Table 1
Characteristics of all included patients

The cohort is divided into the training group (419 patients) and validation group (192 patients), and the basic clinical information of the two groups is provided below (Table (Table2).2). The training group and validation group did not differ in gender, age or T-stage (p = 0.23–0.573). The model can be validated using this validation group's data set.

Table 2
Clinicopathologic information of patients in the training and validation groups

Validation of the prediction model performance

The results of the model-predicted colorectal cancer T-staging were highly consistent with the results of the pathological gold standard and much more accurate than traditional methods (Table (Table3).3). The model correctly predicted the T-stage of the validation cohort for 167 of 192 (86.98%) patients, whereas the traditional method correctly predicted the T-stage for only 98 patients (51.04%), this difference was significant (χ2 = 57.974, p < 0.001). Moreover, the prediction of the model for ≤ T2 and T3 disease was more accurate than that of the traditional method (χ2 = 24.738, 39.6; p < 0.001, < 0.001), there is no statistical differences for T4 disease (χ2 = 3.316, p = 0.069). The model incorrectly overestimated and underestimated the stage for 17 of 25 patients (68%) and 8 patients (32%), respectively. Specifically, 10 patients with ≤ T2 disease were predicted to have stage T3 disease, and 7 patients with stage T3 disease were predicted to have T4 disease. Conversely, 5 patients with stage T3 disease were predicted to have ≤ T2 disease, and 3 patients with T4 disease were predicted to have T3 disease. Using the traditional method, the staging was incorrectly overestimated and underestimated for 81 of 94 patients (86.17%) and 13 patients (13.83%), respectively. Figure Figure11 shows a pathologically confirmed T3 colorectal cancer lesion that was misdiagnosed as a T4 lesion by traditional method because the tumor exhibited a strip-like, high-density appearance in the peripheral adipose tissue. The model classified this lesion as T3 stage correctly. Thus the opacity of the tumor surrounding fat is not a tumor infiltration, but an inflammatory response.

Table 3
Model's and traditional method's prediction results
Figure 1
Axial (A), coronal (B) and sagittal (C) images of a colon cancer lesion located in the hepatic flexure of the colon of a 72-year-old male who presented with a change in defecation habits. Conventional methods preoperatively predicted the T-stage as T4 ...

The sensitivity and specificity of colorectal cancer staging predicted by the model and conventional methods are shown in the table below (Table (Table4).4). The sensitivity, specificity and accuracy of the model are higher than traditional method which has certain significance in accurate preoperative classification and treatment options for colorectal cancer.

Table 4
Sensitivity and specificity of the model and traditional method for predicting the T-stage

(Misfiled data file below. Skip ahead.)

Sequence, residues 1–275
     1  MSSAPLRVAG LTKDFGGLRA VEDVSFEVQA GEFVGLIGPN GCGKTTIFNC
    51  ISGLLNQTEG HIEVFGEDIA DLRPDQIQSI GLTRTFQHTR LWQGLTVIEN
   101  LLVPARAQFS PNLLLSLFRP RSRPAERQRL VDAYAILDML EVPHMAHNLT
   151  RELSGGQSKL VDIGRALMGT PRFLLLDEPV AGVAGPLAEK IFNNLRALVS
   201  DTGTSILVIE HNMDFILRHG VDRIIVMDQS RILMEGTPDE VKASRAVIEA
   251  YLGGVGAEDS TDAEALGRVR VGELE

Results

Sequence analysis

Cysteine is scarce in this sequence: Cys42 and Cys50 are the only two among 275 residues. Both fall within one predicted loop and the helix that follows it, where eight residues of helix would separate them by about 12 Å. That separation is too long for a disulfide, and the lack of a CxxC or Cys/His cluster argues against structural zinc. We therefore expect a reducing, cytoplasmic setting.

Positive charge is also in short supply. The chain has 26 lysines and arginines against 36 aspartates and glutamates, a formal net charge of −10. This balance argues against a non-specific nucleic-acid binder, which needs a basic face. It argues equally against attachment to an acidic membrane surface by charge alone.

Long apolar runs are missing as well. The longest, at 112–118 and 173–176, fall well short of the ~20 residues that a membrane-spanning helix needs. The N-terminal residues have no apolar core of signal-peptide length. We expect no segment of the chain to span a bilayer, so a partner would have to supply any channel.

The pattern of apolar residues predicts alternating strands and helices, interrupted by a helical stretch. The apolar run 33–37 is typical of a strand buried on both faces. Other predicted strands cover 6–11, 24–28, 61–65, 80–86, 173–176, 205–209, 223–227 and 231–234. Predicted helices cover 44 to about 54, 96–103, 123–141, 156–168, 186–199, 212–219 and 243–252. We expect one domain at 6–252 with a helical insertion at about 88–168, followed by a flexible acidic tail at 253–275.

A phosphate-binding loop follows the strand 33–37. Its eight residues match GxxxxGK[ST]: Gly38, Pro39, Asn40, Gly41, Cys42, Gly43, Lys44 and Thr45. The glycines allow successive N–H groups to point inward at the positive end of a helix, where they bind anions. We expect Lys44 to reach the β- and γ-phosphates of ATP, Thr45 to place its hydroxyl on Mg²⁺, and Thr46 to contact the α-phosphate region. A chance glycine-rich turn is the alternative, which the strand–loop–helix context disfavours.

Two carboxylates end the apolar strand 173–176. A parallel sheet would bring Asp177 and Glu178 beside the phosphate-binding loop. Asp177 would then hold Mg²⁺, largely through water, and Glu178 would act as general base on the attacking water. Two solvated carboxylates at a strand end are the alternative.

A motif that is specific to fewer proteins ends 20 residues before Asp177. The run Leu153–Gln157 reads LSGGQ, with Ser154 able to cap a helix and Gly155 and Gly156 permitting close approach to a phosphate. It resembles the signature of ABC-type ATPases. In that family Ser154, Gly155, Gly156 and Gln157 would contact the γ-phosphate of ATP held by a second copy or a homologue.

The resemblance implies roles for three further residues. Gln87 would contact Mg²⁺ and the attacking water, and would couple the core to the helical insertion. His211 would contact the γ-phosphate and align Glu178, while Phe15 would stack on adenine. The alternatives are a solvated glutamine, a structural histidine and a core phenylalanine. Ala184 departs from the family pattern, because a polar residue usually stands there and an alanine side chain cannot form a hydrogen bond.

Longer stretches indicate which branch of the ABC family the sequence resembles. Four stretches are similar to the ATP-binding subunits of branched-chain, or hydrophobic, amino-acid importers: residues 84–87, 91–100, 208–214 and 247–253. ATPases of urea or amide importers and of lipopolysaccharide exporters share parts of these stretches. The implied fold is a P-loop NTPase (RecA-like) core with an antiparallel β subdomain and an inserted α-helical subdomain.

The ROC curves and AUC values of the two prediction methods are shown below in Figure Figure2.2. The AUC for the accuracy of prediction result was significantly higher in the model than in the traditional method.

Figure 2
Receiver operating characteristic (ROC) curves and area under the curve (AUC) of the model and conventional method by stage

DISCUSSION

Colorectal cancer has a high incidence and mortality [7]. With the continuous development of colorectal cancer treatment methods, many strategies are available for the treatment of colorectal cancer, including local excision, radical resection, and multimodal therapy [8, 9]. The rapid development of surgical techniques has placed surgery as the leading treatment for colorectal cancer. But a specific treatment plan strongly depends on accurate pretreatment staging [2, 10, 11]. In surgical treatment, stage T1 tumors are recommended for local excision and radical resection for stage T2-4 tumors. Surgical procedures include open and laparoscopic colorectal cancer surgery. Laparoscopic surgery has been shown to improve short-term clinical and oncologic outcomes [12, 13], including shortened hospital stays, fewer postoperative complications and accelerated rehabilitation [14]. Thus, laparoscopic-assisted colectomy has been widely accepted for the treatment of mucosal or submucosal carcinoma, whereas open surgery is preferably used to treat advanced cancer [15, 16]. In the medical treatment, it is recommended stage T3 and T4 tumor patients with neoadjuvant therapy. Neoadjuvant radiotherapy and chemotherapy can shrink T4 stage colorectal tumors to allow sphincter-preserving surgery, which reduces the recurrence rate and improves the survival rate [17]. But, adjuvant therapy is not recommended for patients with stage ≤T2 without lymph node metastasis and distant metastasis. In addition, tumor T-staging is the strongest prognostic factor for colorectal cancer survivors [18]. Therefore, precise staging of colorectal cancer is used to determine the most appropriate treatment strategy and evaluate the outcome of therapy.